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Acer Aspire 5 (2022) review: Squeaking by with just enough

Acer Aspire 5 2022 front angled view showing display and keyboard deck.
Acer Aspire 5 (2022)
MSRP $700.00
“The Acer Aspire 5 (2022) is an increasingly rare budget laptop with the latest Intel 12th-gen chips.”
Pros
  • Solid productivity performance
  • Excellent port selection
  • Impressive expandability
  • Touchpad is comfortable
  • Great value
Cons
  • Below-average battery life
  • Keyboard feels loose and imprecise
  • No Windows Hello support

The 2019 Acer Aspire 5 was an excellent $400 budget laptop that made its way to our best laptops list. Then a funny thing happened: The following two versions took significant steps backward, falling off our lists and failing to garner recommendations. Now, Acer has introduced its 2022 Acer Aspire 5 that updates to Intel’s 12th-gen CPUs while raising the entry-level price to $650.

I reviewed the second least expensive model of the Acer Aspire 5, a $700 (currently on sale for $600) configuration with a Core i5-1235U CPU and a 15.6-inch Full HD (1,290 x 1,080) IPS display. The price has gone up, or rather, there’s no longer a configuration less than $500, meaning that the laptop doesn’t have extreme value in its favor. Fortunately, it improves in several key areas and makes for a more compelling budget choice.

Design

Acer Aspire 5 2022 rear view showing lid and logo.
Mark Coppock/Digital Trends

The 2022 Aspire 5 saw only a few design changes from the previous version, including a sleeker keyboard deck and a switch to a magnesium-aluminum alloy in the lid. Otherwise, it’s the same dark gray chassis with simple lines and angles and zero bling outside of a couple of Acer logos. The plastic display bezels are relatively large, with an 81% screen-to-body ratio that feels a bit old school.

Budget laptops tend to be plain in their designs, though, and the Aspire 5 is no different. Note that Acer will be offering models with blue and gold lids that add some panache.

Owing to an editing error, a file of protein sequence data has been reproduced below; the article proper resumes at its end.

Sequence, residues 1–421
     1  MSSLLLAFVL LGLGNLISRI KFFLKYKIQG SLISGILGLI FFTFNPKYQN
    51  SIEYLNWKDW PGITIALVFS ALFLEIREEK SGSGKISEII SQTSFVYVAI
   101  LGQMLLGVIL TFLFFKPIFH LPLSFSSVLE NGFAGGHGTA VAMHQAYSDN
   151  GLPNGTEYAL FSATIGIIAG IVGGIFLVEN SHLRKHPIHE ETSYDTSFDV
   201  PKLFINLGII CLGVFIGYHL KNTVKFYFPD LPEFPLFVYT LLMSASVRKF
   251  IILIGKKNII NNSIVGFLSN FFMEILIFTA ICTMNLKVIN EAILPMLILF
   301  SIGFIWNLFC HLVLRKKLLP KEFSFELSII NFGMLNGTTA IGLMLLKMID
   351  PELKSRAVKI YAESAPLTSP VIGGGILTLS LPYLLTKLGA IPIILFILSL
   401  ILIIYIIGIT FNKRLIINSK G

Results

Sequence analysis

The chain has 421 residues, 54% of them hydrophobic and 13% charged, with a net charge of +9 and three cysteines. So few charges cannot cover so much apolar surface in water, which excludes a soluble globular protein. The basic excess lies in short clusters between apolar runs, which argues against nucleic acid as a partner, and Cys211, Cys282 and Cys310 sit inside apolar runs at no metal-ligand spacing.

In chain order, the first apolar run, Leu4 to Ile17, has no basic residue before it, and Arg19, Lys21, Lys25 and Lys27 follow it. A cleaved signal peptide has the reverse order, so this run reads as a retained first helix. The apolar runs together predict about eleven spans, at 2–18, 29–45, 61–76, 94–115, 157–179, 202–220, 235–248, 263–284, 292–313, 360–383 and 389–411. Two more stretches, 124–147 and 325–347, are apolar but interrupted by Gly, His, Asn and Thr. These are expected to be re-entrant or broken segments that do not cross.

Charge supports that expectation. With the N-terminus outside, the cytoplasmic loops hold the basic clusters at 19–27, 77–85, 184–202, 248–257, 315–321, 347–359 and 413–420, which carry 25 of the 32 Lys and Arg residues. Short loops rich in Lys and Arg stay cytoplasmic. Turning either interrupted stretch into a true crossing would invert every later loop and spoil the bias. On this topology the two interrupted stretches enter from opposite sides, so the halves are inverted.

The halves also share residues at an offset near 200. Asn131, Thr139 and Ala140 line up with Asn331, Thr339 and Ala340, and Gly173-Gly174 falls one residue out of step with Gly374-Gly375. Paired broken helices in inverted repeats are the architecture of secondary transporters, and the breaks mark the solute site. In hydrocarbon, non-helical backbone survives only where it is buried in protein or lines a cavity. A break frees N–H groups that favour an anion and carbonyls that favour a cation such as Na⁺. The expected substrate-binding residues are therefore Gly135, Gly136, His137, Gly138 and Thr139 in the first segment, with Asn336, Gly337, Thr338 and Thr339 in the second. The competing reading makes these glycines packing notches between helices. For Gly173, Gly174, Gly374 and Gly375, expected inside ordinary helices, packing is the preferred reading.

The laptop is constructed of plastic outside of the lid, and its build quality is acceptable for a budget laptop. There’s some bending in the lid and some flexing in the keyboard deck, but it’s not egregious. The Lenovo Flex 5 14 and Acer Swift 3 have slightly more rigid builds, but the Aspire 5 is typical for a laptop that’s well under $1,000. The hinge still props the laptop up at a slight angle to make typing more comfortable and increase airflow, and it’s still a little loose with a lid that wobbles during heavy typing.

Thanks to the large bezels and 16:9 display aspect ratio, the Aspire 5 is wider than many 15-inch laptops. It’s not as deep as some that sport 16:10 aspect ratios, and it’s reasonably thin at 0.70 inches and light at 3.88 pounds.

Ports and expandability

The Aspire 5 stands out in its expandability. The insides are user-accessible, and the RAM can be upgraded while there’s a second storage slot for another SSD. Most modern laptops aren’t so easily upgradable, making the Aspire 5 more future-proof than most.

Connectivity is another strength. This year’s model includes a USB-C port with Thunderbolt 4 support, something you don’t always see in budget laptops. There are also three USB-A 3.2 Gen 2 ports, a full-size HDMI 2.1 port, an Ethernet port, and a 3.5mm audio jack. Unfortunately, there’s no SD card reader. Wireless connectivity includes Wi-Fi 6E and Bluetooth 5.2.

Performance

Acer Aspire 5 2022 front view showing display and keyboard deck.
Mark Coppock/Digital Trends

My first observation is that the 2022 Aspire 5 is significantly faster than last year’s model. That’s no surprise given the low-power Core i3 in the previous model, and there’s certainly $200 worth of performance improvement. Where the 2021 Acer Aspire 5 was too slow even for $480 or so, the 2022 version is fast enough to compete with laptops that cost considerably more.

Either way, these are laptops meant for simple tasks and productivity in work — not more intense workloads like AAA games or 4K video editing.